Transport unions call off supposed week-long strike after Palace talks
By Alexandria Grace Magno
After discussions with the Office of the Executive Secretary, transport unions PISTON and Manibela waived the supposed week-long transportation strike on its second day of the protest last Tuesday, March 7.
Following the protest last Monday, Mar Valbuena of Manibela and Mody Floranda of PISTON convened in a dialogue with the Presidential Communications Office Secretary Cheloy Garafil and Usec. Roy Cervantes of the Office of the Executive Secretary, to discuss the modernization program.
“Dahil sa ating sama-samang pagkilos, naobliga ang Malacañang na makipag-usap sa transport leaders. Bitbit ni Ka Mody dito ang pangunahing panawagan kay BBM: Ibasura ang Omnibus Franchising Guidelines (OFG)!,” PISTON said in a Facebook post.
Valbuena said in a separate statement that the Malacanang promised to examine the implementation of the modernization program and permitted the interim rehabilitation of old traditional jeepneys.
“Yun po ang isang malinaw, minana lang po nila ang programang ito, so dapat talaga nilang pag-aralan,” Valbuena said, as he reiterated the questions poked by the other party during their discussions including the things they agreed on working on during the Manibela and PISTON press conference.
Transport strike recap
Different transport and rights groups gathered around the cities of Metro Manila for a week-long transport strike last Monday, March 6, to protest against the modernization program.
Before heading to Mendiola to voice out their concerns on the government’s modernization scheme, protesters first flocked in front of Philippine Coconut Administration (Philcoa) in Quezon City for a short program.
“Ang nilalabanan natin ay ang maling pamamaraan ng modernisasyon,” Floranda said in his speech, clarifying that they are not against the jeepney modernization.
He added that what they are not in favor of is the proposed system under the modernization program that will put corporate ownership on modern jeeps, leaving jeepney drivers functioning more like ‘renters’ of their own jeepneys.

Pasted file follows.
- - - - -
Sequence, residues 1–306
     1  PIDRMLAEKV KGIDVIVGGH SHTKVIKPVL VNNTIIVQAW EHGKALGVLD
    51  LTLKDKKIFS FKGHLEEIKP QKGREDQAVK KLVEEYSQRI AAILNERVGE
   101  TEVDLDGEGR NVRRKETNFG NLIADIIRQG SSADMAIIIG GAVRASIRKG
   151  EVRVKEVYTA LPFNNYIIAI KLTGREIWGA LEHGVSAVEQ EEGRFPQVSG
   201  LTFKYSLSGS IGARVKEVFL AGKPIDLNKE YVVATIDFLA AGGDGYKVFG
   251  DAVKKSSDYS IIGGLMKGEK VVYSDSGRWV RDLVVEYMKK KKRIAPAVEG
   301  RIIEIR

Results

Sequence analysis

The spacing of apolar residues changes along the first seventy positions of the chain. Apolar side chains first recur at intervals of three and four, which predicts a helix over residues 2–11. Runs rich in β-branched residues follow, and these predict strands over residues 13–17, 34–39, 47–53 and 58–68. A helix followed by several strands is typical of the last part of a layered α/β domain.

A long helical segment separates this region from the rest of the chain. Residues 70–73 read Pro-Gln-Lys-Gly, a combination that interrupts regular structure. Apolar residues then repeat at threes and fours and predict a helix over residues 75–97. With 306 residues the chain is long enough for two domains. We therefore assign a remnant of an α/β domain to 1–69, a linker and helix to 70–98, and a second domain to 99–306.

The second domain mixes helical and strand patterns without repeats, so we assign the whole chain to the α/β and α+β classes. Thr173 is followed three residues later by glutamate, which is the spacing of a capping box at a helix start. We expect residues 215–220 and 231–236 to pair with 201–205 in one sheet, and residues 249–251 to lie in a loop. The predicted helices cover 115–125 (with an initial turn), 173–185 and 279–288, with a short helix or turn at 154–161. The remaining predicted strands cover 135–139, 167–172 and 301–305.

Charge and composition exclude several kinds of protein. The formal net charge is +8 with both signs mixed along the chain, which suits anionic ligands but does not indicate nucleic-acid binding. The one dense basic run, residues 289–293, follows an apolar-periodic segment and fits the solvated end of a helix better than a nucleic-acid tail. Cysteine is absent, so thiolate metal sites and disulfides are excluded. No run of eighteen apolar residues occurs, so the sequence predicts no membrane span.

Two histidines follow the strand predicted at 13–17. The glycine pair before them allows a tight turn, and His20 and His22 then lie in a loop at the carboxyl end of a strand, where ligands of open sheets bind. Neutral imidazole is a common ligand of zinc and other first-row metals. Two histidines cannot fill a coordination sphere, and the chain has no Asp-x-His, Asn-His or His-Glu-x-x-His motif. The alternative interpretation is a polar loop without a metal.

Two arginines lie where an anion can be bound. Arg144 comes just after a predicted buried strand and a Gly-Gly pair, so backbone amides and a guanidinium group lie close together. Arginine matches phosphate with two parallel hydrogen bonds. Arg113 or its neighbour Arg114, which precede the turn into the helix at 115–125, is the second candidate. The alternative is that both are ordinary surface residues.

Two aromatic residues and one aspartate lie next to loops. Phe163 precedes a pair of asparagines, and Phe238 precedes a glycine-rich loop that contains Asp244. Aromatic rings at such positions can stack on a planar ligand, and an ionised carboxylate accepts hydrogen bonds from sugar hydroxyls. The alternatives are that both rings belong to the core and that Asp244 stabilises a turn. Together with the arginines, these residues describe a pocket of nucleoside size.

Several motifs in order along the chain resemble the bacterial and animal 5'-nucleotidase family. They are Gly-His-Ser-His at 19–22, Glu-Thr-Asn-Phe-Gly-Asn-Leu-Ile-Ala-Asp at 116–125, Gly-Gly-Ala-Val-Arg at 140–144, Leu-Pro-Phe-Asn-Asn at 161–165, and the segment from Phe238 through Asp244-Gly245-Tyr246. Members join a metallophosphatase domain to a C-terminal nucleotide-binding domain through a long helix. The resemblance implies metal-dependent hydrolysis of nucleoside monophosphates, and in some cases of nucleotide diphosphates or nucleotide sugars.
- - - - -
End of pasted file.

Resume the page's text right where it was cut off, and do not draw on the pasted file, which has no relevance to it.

This was echoed by Arnold Magcaya of Manibela, saying: “Tinututulan po namin yung kailangan naming makipag consolidate sa mga kooperitaba… Lalaban po talaga kami dahil ang pinapatay ng pamahalaan ay aming kabuhayan.” the government’s jeepney modernization initiative includes phasing out of jeepney units older than 15 years old, replacing traditional jeepneys with modern ones.
“Hindi kami tumututol sa ikakaayos ng aming sasakyan, pero ‘wag papalitan,” Nolan Grulla of UP Transport Group also said, as he called for an extension of their franchise.
On March 1, days before the said week-long strike started, the LTFRB extended the deadline for the franchise consolidation of public utility vehicles (PUV) until the end of the year.
“Parang tambutsong umuusok sa galit ang mga jeepney driver sa jeepney phaseout na ito,” Ronnel Arambulo, spokesperson of PAMALAKAYA said, describing how the modernization agitated both jeepney drivers and operators.
Similar to what happened in Philcoa, protesters braced the scorching heat in Mendiola as they called for President Ferdinand Marcos Jr. to provide solutions to save the traditional jeepneys from going out of business.
“Bongbong, gising!,” agitated protesters gathered at Mendiola chanted, pressing the president to take an immediate action regarding the issue.
As protestors from different parts of Metro Manila proceed with their scheduled itinerary, spokesperson of Panday Sining UST Raven Racelis told TomasinoWeb that they were approached by some police officers while preparing for their program that was supposed to begin at the Blumentritt-Avenida terminal.
“Bigla kaming nilapitan ng pulis, ininterogate yung mga kasama naming Thomasians, at the same time mas ininterrogate talaga yung mga kasama naming jeepney drivers,” Racelis said.
She added that some of them were even followed by the police officers all the way to their terminal center after they were instructed to go home, an attempt to postpone the planned activity.
“Ang sinasabi utos lang daw ito na bawal talagang magkasa ng mga ganitong kilos protesta, at pilit kaming pinapauwi,” Racelis said, when asked on what the police officers had accused them of.
PUV drivers who participated in the week-long strike may be subject to administrative and criminal penalties, including the termination of their franchise, the Department of Transportation (DOTr) said last March 6, hours before the series of strikes kickstarted.
The morning program ended with an appeal to the president to issue an executive order repealing the omnibus franchising guidelines immediately.
Wake up call from those who wake up at 4
Majority of the people who spoke on behalf of different transport groups emphasized that they were not against the jeepney modernization program. Instead, they just asked the government to stop targeting traditional jeepneys.
“Kung gusto nila i-ayos… [dapat] yung mukha jeep pa rin. Hindi kagaya ng nakikita niyo na parang baby bus,” Nolan Grulla, spokesperson of the UP Transport Group, told TomasinoWeb,
Grulla also encouraged the government to reconsider rehabilitating the traditional jeepneys instead of changing them.
Rights groups were determined to advocate for pro-people modernization in hopes of sustaining jeepney drivers and operators’ primary source of income.
“Kaya naghihinakit ako, dahil yung mga kasamahan ko diyan nila kinukuha yung pampaaral nila, na bigla nalang mawawala,” Grulla added, emphasizing the apprehensions that most of the jeepney drivers have because of the impending modernization.
Protestors and other organizations that are mostly composed of commuters, joined the first day of the transportation strike. -with reports from Justine Xyrah Garcia